Death By Probability

Death By Probability

by Urno Barthel, Art Chester

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Overview

It caused a hell of a fuss when they found Willard in his office, bloody, splayed out on the floor, chair overturned. Evan Olsson is stunned. Inside a top-secret lab, behind layers of security, his mentor is suddenly and violently dead. Even worse, a mysterious message hints of a deadly plot that threatens the US electrical network. How can Evan deal with all this when he's got problems of his own? His love life stinks, and his closest friend is a computer program barely smart enough to say "hello."

Evan takes over the mentor's project and with a reluctant FBI partner uses computer science and nanotechnology to unravel the mystery. With his personal safety at risk he tracks the mastermind to the Malibu area, but the criminals up the stakes by paralyzing a regional energy network, accelerating their plans for a devastating national attack just days away. Nature disrupts everything with a disaster that helps Evan unmask the criminals but requires him to flee for his life.

Death By Probability pursues a mysterious death to its ultimate secret. Technology and fringe science, friendship and romance, computer intelligence and human frailty -- all these help solve a mystery that builds to a fast-paced climax.

Product Details

BN ID: 2940148147503
Publisher: Outskirts Press, Inc.
Publication date: 01/14/2014
Series: Evan Olsson , #1
Sold by: Barnes & Noble
Format: NOOK Book
Pages: 279
File size: 1 MB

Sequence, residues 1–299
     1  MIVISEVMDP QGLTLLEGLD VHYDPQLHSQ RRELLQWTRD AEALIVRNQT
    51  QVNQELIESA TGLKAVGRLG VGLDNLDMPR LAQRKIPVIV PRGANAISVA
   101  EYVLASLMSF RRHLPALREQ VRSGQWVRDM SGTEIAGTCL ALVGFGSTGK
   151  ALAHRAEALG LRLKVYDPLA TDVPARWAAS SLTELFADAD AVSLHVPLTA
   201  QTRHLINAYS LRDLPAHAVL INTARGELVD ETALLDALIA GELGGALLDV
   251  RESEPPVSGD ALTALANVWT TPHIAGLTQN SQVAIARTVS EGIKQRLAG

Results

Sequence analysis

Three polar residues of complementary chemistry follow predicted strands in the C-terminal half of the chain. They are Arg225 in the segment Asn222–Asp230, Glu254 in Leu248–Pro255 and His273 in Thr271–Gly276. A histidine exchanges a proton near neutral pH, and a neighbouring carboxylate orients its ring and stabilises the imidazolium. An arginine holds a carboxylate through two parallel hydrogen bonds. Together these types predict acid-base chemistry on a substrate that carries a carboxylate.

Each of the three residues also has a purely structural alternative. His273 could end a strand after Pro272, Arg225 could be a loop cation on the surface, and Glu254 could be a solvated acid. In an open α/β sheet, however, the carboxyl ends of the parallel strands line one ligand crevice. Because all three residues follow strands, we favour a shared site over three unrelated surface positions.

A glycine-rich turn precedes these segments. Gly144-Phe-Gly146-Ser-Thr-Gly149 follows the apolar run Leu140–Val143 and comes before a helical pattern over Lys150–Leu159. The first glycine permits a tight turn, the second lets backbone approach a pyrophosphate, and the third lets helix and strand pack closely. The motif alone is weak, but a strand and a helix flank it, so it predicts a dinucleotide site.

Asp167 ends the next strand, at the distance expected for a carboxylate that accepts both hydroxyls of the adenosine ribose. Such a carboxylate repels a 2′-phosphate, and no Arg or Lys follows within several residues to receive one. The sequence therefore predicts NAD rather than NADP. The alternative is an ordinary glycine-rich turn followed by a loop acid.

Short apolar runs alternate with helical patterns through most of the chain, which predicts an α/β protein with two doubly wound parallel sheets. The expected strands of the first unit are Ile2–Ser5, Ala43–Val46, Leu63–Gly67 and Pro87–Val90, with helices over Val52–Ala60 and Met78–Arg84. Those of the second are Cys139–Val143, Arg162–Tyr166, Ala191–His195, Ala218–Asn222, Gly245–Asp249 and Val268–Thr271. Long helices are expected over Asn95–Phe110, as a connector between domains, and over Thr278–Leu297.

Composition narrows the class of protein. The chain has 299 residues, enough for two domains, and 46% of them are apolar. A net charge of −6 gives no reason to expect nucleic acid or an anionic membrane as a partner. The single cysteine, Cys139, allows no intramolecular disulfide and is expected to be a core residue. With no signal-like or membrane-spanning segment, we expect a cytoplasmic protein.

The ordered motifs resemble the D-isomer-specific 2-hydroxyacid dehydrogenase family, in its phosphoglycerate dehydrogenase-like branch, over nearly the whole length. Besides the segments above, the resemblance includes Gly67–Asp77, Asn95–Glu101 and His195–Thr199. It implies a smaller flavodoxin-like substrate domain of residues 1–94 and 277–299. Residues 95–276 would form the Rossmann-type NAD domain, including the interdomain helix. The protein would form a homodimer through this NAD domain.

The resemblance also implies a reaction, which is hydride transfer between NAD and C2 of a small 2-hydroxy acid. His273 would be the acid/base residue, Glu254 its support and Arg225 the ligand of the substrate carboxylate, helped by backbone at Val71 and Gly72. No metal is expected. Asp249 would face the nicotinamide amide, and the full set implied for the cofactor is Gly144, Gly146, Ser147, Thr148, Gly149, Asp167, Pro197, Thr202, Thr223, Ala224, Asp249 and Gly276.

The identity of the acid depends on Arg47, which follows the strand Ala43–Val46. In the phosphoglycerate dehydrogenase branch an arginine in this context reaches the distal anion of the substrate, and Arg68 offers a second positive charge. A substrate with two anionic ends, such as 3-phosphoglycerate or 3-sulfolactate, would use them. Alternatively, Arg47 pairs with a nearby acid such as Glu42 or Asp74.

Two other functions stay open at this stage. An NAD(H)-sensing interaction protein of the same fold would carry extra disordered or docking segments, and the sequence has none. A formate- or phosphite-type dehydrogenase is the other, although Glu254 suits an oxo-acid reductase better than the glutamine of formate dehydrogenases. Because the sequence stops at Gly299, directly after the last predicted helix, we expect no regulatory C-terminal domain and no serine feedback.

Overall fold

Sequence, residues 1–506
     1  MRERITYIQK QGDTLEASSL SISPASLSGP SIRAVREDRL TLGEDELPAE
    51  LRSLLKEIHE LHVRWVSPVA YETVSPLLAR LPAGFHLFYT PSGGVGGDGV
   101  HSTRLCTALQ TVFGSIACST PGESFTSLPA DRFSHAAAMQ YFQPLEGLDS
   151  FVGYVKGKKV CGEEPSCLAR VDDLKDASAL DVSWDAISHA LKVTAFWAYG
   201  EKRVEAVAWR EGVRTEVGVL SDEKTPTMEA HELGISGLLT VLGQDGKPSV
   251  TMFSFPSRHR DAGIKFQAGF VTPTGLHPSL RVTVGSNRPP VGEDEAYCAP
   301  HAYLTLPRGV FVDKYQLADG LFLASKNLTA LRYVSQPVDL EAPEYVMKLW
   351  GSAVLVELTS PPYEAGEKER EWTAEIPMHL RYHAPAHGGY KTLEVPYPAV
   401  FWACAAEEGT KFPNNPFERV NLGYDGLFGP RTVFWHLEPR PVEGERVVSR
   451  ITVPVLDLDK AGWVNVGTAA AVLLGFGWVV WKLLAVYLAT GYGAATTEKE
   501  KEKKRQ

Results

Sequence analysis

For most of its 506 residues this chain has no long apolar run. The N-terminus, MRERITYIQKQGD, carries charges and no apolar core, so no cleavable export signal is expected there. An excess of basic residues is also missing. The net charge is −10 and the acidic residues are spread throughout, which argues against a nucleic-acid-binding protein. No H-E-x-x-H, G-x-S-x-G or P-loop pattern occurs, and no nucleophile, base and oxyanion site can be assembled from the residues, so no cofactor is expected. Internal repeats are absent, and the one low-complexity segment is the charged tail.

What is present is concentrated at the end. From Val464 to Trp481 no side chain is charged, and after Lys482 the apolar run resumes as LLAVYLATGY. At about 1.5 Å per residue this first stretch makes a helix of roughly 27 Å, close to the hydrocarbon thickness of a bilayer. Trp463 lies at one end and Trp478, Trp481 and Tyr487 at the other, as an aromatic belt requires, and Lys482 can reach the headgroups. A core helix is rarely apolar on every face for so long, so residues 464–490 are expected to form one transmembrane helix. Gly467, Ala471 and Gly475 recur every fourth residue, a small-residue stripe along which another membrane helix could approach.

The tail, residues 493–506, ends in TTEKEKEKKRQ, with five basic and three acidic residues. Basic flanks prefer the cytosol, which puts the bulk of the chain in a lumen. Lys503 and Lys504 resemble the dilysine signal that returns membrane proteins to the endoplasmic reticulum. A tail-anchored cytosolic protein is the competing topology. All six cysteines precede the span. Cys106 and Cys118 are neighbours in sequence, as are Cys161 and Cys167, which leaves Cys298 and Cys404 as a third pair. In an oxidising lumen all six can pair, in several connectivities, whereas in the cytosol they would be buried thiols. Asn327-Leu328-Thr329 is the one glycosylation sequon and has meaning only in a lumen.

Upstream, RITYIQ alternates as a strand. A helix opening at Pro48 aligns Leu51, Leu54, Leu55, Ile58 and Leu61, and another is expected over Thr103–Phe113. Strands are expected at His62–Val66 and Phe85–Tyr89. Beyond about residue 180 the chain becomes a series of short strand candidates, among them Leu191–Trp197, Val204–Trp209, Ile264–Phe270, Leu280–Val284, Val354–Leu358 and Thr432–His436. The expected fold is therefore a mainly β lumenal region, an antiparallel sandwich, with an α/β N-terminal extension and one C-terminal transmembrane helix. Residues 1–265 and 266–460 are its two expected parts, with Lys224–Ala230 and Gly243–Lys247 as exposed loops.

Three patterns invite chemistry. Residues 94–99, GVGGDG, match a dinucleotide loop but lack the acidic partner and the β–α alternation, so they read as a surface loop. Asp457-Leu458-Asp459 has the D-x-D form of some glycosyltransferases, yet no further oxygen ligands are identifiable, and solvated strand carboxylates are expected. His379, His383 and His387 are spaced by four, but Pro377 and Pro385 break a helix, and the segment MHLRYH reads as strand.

About the Author

Urno Barthel is the pen name of Art Chester, a physicist turned technology manager turned writer. His characters are based on real scientists whose quiet lives are disrupted by terror and murder. Art invites you to his website, which offers commentary about science in our lives, and fiction about scientists:



After many years in Malibu, California, Art now spends his time in Michigan, New York state and Hawaii.

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Death By Probability 4 out of 5 based on 0 ratings. 1 reviews.
ReadersFavorite More than 1 year ago
Reviewed by Valerie Rouse for Readers' Favorite Death by Probability is a suspense novel surrounding the death of Willard, a scientist at the HAL facility.  The main character, Evan Olsson, is thrown into the deep end when he tries to solve this murder mystery. Evan was being trained by Willard for about a month and, before his death, Willard sent Evan an encrypted video message informing him of the work he wanted Evan to continue for him. Willard had apparently stumbled upon some evidence leading to an impending dangerous coup or disaster. He wanted Evan to dig further so as to expose the perpetrators. The intrigue is set in motion when Evan seeks to trim his list of likely suspects. Almost all of the science lab employees were eligible. The process of elimination was very tedious. Evan deliberated as to the motives and interpersonal work relationships of each co-worker to solve this murder. Author Urno Barthel also reveals the development of Evan’s non-existent love life to one of passionate togetherness with Lissa, the sister of one of Evan’s work mates. Death by Probability is a well developed book which is very intriguing. The pace is a bit slow at first, but as the action surrounding Willard’s death steps up, the plot becomes more enthralling. I love the way in which Mr. Barthel switches between Evan’s work life and love life throughout the novel. This makes Evan seem more realistic and it also gives you the impression that human interaction is vital to our social existence as humans. In contrast to Evan’s consistent dialogues with his personal computer, Al, it is gratifying to see Evan have an emotionally satisfying personal relationship at last. This aspect of man vs machine has far-reaching implications. According to Mr. Barthel’s story, the development of computer technology is both good and bad. It can easily replace the need for human interaction as well as create intentional disasters akin to the 9/11 World Trade Center tragedy. Death by Probability is an interesting read concerning technological advancement. I recommend it to all readers looking for a suspenseful high.